“The obstetrical risks factors that have emerged as significant risk factors for autism in the current meta-analysis,” the study authors write, “suggest a possible role of fetal and neonatal hypoxia.” The authors hypothesized that a sudden decrease in oxygen seemed to increase activity in a set of brain cells that work with the neurotransmitter dopamine. These same cells, the authors continue, appear to act abnormally in patients with autism spectrum disorder.
Autism: A Multifactorial Explanation
According to researchers in a 2009 edition of the Lancet, autism is “multifactorial”; in attempting to explain the disease, we’d be hopeless to point to a single cause or factor. Instead, most cases of the condition come down to multiple, interacting causes that occur together.
You can think of autism, so far as causes go, as a cake. Every ingredient, the eggs, the flour, the butter, are essential to achieving the result. All of the ingredients have to be combined together to bake a proper cake; leave the eggs out, and your cake will turn out as a dense, flat brick. But all of the other ingredients are essential, too. You can’t leave out anything.
Causally, autism spectrum disorders are similar. You need multiple co-occurring “ingredients” to bring about the condition – one or two probably aren’t enough. Genetic and environmental factors may predispose a child to developing autism, making it more likely to occur, but multiple other factors are necessary to make the thing official.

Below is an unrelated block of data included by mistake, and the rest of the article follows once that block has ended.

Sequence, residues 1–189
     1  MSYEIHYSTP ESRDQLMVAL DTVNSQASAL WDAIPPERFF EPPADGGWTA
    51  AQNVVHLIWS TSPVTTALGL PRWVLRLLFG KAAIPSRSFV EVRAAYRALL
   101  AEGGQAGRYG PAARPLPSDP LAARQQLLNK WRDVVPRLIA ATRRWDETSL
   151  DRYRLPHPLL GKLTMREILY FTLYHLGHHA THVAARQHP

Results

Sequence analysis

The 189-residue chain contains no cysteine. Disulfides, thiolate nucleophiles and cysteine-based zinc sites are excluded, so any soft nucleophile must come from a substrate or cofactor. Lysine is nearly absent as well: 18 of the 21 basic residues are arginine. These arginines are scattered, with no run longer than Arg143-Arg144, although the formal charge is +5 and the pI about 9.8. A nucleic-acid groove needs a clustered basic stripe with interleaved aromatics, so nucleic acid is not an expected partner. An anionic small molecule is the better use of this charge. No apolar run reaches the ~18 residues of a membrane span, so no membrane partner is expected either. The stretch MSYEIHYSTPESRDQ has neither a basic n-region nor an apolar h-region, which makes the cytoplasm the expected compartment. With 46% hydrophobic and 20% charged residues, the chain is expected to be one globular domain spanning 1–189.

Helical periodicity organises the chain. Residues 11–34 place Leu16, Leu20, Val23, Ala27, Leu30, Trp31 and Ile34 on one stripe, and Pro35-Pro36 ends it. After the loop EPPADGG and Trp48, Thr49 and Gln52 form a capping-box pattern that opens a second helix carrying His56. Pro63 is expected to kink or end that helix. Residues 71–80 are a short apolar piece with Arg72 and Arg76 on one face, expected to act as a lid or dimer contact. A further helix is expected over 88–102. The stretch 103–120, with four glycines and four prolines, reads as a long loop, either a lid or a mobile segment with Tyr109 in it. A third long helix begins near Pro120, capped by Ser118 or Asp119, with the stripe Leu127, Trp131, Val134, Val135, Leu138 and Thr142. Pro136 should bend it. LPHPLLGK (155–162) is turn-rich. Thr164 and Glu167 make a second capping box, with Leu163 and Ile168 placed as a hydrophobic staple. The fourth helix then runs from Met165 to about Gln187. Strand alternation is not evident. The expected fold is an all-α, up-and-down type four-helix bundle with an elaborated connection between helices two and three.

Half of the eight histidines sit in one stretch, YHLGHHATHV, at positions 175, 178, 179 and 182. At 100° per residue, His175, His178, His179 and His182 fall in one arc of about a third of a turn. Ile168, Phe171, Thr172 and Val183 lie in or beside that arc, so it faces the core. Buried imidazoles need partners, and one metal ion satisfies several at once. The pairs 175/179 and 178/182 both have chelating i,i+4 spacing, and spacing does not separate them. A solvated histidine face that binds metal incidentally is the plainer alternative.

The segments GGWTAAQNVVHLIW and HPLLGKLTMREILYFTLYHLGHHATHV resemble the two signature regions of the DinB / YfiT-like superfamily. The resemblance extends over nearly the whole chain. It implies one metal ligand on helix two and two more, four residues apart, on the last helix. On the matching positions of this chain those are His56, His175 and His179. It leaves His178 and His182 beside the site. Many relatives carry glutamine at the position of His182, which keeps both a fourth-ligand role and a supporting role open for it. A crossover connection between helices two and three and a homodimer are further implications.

At the same time, you can substitute different risk factors for each other, just as, in baking a cake, you can substitute vegetable oil for butter and still come out with a cake. The taste may be different, but it’s still a cake. There’s no single, all-encompassing recipe for a cake. Nor is there a single, all-encompassing combination of factors that cause all cases of autism.
There are a variety of factors that can cause autism; as we’ve seen, birth injuries, and specifically birth injuries that result in oxygen deprivation around the time of birth, appear to be among these factors. Perhaps this is why people with autism spectrum disorders show such variety in the severity of the condition and its characteristics, why some are highly-functioning while others are severely-disabled.
The Genetics Of Autism Spectrum Disorder
Autism spectrum disorder is “highly genetic” in nature, though it is likely that environmental factors, including neonatal oxygen deprivation, play a role. Through the sequencing of genomes in people with autism, researchers have identified countless genes and genetic mutations that may be implicated in the condition.
Autism spectrum disorder also appears to be highly heritable, passed, through genetic information, in families. As Dr. Daniel H. Geschwind, a researcher at UCLA’s Center for Autism Research and Treatment, points out, people with autistic siblings are around 25-times more likely to have autism themselves.
In recent years, however, a bevy of new studies have called the genetic basis of autism into question. At one point, based in part on the strength of heredity studies like the one described above, researchers believed that autism spectrum disorders were almost entirely genetic in nature. New analysis has downplayed the role of genes, in favor of environmental factors, including complications suffered during birth.